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Status Updates posted by adsii1970

  1. Life on the university campus:
    (Spring 2023 Semester, First posting)

    Ah, yes. One of my favorite moments of the original Battlestar Galactica opening credits. And so appropriate for the days before the semester begins. Already I am getting emails from those enrolled in the various classes I am teaching. Some are complaining about the cost of the textbooks. Others are complaining about the time of my scheduled office hours. A few have already begun questioning the number of assignments in the course. And there are even a couple complaining that the course looks "too hard for first-year university students" and somehow I need to re-imagine the course to be more student friendly. I still do not know what that even means.

    This isn't high school any more.

  2. Life on the university campus:
    (Fall Semester 2022, second posting)

    This has been a more difficult semester than usual. I do not know if it is the growing job dissatisfaction I feel or the growing frustration I have with the educational habits and expectations of the younger generation. I am having a harder time not understanding why, when there is so much available to assist students on campus, so many are content to not take advantage of those opportunities to better themselves. Last week, I was yelled at by a student because I failed them on a formal academic research/writing assignment (this project was 1/3 of the course grade). In this student's mind, I should not have graded them on the citations of their sources (which were lacking), the selection of their sources (Wikipedia and Ask.com are NOT academic sources - and copy/pasting from them directly without a citation is plagiarism), nor should I have graded them on the use of standard written English. The student even yelled, "you should be grateful I even bothered to give you the (fill in the blank) assignment! You owe me a 'C' for doing the (fill in the blank) work I did!"

    At the community college there are free services to assist students in nearly every stage of the course project I require in each course I offer. There's the library, which offers a weekly session on how to use the various academic journal research databases. The English department offers a writing center where students can get help - even with citations. I offer to help students during my office hours AND each class has a project paper guide that's a step-by-step guide in how to do the project paper (it even has the phone numbers and emails of the other services offered on campus). But still, there are some students who, no matter how much help you offer them, they refuse it all.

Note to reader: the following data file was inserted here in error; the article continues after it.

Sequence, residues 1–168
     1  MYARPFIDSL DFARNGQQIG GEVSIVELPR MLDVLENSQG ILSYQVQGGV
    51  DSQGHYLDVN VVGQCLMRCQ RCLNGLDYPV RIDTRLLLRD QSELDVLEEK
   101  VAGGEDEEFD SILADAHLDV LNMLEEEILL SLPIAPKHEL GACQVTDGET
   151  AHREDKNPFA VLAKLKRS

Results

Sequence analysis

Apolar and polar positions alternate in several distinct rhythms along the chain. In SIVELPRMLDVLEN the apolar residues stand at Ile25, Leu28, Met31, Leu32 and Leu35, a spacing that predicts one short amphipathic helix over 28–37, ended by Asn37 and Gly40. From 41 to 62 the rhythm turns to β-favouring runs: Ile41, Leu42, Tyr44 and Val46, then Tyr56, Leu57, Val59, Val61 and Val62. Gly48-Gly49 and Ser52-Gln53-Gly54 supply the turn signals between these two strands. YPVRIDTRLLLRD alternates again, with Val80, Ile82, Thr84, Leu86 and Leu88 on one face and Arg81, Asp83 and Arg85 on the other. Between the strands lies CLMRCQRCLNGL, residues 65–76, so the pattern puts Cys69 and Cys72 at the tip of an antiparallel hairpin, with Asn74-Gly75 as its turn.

Frustrating? Yes. But there's really nothing I can do.


    1. intelliCom


      I'm a university student myself, though not in the united states. That student clearly hasn't learned how to take responsibility for their own failings, and I suspect this is a problem with either poor parenting, or low-quality, "everyone wins" kind of primary/secondary education. (Perhaps even drop-outs)

      Maybe their anger is a reflection of their own parents' expectations on them? Regardless, given their use of Wikipedia and Ask.com, they're clearly not suited for essay writing, and likely don't have any interest for the material they are being taught. They probably (I have little context on who they are, and that's understandable) are only going for a degree to either make their parents proud with as little effort as possible, or for bragging rights.


      You owe me a 'C' for doing the work I did!

      This definitely comes across to me as an effort = value kind of mindset instead of quality = value. Even if they actually did put significant effort into the assignment (given their choice of sources, they probably didn't), they still needed to write a good essay, at least for a pass.

      You're doing well in enforcing a proper standard of quality for assignment submission, and I have a suspicion that handing over your job to someone else would diminish that standard. I'd feel sorry for any student who fails, but the student in your case clearly did not want to learn; they just wanted to succeed.

      As for newer generations being more infantile than previous generations, I'm inclined to agree. At least once a week, I see some poor kid glued to an iPad while the parent uses their phone. Parents are getting more careless as well. I'm sorry you had to go through that, and I hope your future students can be more grateful for the opportunity to be taught by an expert.

  3. Life on the university campus:
    (Fall Semester 2022, first posting)

    I am looking for an honest man. Education gives sobriety to the young, comfort to the old, riches to the poor and is an ornament to the rich.

    Diogenes Of Sinope
    (about 412 B.C.E. - 323 B.C.E.)

    The new semester is now three weeks old and already full of some interesting observations. Most of the time, when I share my thoughts with you, you are bombarded with my reactions to the bad things I encounter. For much of my life, I have always known that education has been my life's calling; however, it is not without its frustrations. I taught 7th and 8th grade for two in the late 1990s in Allen Parish, Louisiana. While working in that junior high, I decided to get an M.Ed. in educational technology. A few years later, while living in Kentucky, I completed an M.A. in U.S. history, focusing on the early republic years and American foreign policy. After that, I earned a Ph.D. with three concentrations: U.S. history to 1870, U.S. history since 1870, and U.S. foreign policy. I've been teaching at the community college and university level since 2004.